Introduction

Brian Cozart’s panel in the AIDS Quilt and its many qualities brings about the sense of an individual and makes him come to life. Brian like many others, loved Mickey Mouse. Brian was an accepting individual that enjoyed Godiva and, assumably, had a favorite shirt. Brian was like many of us in a number of ways, however, his honor and courage exceeds those of the average citizen. 

Brian Cozart was one of the nearly 225,000 individuals in the U.S. military to die after developing HIV/AIDS. This was the initial spark in my curiosity for HIV/AIDS infected U.S. service members (SMs). How was the military handling HIV/AIDS, a disease stigmatized as an indicator of homosexuality, in an environment that is socially and politically homophobic and discriminatory? 

To explore what has been done, and what needs to be done by the Department of Defense (DOD), I will investigate the past and present policies and their effects. Additionally, the military’s lack of research on lesbian, gay, and bisexual (LGB) SMs has made it difficult to provide sufficient healthcare for the physical, mental, and sexual health of those in the LGB community. My ultimate goal is to reveal how the U.S. military dealt with AIDS/HIV and how the military was and still is affected by this disease.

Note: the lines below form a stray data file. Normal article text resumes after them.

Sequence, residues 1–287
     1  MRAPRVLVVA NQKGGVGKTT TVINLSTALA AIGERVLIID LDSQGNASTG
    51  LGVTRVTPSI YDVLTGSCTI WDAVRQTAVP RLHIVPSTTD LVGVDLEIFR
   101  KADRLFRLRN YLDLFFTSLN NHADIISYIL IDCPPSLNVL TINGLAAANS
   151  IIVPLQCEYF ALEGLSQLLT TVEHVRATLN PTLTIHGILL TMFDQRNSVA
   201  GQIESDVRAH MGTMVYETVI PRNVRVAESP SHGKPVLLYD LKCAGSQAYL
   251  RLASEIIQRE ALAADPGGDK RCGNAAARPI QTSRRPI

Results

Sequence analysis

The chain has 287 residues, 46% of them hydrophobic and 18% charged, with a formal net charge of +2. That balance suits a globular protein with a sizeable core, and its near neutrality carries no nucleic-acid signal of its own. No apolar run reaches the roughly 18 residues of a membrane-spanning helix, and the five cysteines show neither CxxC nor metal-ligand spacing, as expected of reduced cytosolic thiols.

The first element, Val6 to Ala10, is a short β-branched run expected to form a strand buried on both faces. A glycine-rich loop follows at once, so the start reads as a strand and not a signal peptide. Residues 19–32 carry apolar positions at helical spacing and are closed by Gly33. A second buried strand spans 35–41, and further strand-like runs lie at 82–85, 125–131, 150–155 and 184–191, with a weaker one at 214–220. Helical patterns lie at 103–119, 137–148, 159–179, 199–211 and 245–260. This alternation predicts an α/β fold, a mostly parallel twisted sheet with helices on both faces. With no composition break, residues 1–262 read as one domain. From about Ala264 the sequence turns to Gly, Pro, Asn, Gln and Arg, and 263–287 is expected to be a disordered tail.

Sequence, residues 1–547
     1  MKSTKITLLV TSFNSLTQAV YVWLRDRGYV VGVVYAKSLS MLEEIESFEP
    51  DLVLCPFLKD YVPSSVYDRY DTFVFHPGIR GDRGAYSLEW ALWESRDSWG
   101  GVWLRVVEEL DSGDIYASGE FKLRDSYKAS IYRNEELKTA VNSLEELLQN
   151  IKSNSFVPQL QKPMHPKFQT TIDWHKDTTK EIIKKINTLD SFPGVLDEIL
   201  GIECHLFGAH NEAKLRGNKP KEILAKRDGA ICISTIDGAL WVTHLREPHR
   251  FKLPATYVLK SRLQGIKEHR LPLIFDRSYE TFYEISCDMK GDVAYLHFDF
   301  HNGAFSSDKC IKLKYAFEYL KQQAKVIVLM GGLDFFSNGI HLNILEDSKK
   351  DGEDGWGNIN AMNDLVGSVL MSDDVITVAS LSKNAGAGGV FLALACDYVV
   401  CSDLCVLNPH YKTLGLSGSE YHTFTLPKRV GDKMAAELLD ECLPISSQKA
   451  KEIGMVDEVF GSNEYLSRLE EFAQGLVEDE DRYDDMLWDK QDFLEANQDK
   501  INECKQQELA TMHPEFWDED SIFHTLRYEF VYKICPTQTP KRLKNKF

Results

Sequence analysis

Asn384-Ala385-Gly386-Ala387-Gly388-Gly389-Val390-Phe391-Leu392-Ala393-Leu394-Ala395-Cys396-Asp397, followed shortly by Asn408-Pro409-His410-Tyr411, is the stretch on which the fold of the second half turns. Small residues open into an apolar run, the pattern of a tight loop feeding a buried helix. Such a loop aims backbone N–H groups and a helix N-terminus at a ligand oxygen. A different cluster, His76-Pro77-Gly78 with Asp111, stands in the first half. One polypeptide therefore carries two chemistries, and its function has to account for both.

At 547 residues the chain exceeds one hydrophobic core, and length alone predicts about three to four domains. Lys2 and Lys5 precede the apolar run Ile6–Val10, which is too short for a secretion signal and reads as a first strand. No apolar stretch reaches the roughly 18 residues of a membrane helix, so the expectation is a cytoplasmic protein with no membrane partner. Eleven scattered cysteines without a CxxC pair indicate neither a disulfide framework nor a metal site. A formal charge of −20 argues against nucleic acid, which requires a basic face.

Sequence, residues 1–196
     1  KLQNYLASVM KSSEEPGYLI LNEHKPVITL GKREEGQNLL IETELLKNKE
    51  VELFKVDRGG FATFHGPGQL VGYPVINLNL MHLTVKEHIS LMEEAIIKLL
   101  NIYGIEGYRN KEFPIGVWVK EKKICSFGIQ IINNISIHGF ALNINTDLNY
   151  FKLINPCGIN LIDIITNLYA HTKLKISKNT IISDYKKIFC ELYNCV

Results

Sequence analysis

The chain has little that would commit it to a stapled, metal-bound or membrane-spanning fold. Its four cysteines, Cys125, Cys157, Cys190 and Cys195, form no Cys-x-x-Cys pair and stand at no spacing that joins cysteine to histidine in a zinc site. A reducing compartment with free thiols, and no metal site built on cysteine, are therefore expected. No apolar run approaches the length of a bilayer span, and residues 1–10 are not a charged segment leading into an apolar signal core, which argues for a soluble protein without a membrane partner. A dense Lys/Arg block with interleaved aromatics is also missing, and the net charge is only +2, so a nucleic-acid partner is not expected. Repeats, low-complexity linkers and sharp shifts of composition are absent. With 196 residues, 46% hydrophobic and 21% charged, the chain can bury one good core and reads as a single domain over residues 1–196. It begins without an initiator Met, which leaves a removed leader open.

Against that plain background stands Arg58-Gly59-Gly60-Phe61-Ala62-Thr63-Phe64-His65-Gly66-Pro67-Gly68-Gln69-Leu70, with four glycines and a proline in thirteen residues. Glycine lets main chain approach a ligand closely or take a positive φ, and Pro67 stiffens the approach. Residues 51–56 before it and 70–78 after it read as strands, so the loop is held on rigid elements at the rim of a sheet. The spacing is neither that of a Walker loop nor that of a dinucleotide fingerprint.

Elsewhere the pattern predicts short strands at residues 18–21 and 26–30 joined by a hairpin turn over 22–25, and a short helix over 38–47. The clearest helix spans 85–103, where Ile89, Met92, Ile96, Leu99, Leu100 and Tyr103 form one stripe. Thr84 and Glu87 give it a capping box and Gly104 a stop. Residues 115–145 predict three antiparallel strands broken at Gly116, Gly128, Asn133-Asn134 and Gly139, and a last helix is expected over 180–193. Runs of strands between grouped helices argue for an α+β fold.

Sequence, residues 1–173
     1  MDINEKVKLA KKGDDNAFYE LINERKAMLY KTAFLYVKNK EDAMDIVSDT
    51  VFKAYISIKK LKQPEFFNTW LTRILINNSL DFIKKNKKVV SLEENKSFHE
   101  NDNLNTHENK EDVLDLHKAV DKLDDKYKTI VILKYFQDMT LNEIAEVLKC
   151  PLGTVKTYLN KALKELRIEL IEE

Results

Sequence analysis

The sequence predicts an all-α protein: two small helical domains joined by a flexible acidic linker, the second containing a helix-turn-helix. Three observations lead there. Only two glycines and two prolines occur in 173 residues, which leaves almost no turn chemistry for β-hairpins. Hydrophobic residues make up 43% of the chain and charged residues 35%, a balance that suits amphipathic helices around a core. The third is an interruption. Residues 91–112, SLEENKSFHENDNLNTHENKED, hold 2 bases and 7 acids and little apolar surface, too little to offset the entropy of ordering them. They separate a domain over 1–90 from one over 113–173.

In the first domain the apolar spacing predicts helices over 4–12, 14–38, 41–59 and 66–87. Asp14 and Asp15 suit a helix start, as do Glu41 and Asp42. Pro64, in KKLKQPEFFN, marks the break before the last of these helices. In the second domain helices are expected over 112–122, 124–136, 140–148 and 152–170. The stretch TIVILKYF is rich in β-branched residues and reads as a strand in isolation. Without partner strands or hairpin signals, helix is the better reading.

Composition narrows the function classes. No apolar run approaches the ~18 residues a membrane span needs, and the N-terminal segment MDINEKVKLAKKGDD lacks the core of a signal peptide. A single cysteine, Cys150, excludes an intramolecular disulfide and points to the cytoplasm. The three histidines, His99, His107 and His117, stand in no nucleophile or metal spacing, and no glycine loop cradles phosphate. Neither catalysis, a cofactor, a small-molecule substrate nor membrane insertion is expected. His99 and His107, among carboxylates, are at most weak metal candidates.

First I will talk about how my AIDS Quilt panel initiated my research journey. I then will discuss the Department of Defense policy “Don’t Ask, Don’t Tell” (DADT) and the effects of this policy before, during, and after its establishment. Simultaneously, the homophobic environment created in the military, through social expectations and policies, will be explored. Following that, I will discuss the lack of research available for homosexual service members and why there is a lack of research. Sequently, the issues involving a lack of HIV/AIDS prevention programs for those at higher risk and the mental health of homosexual servicemen will be investigated, along with appropriate statistics.

 

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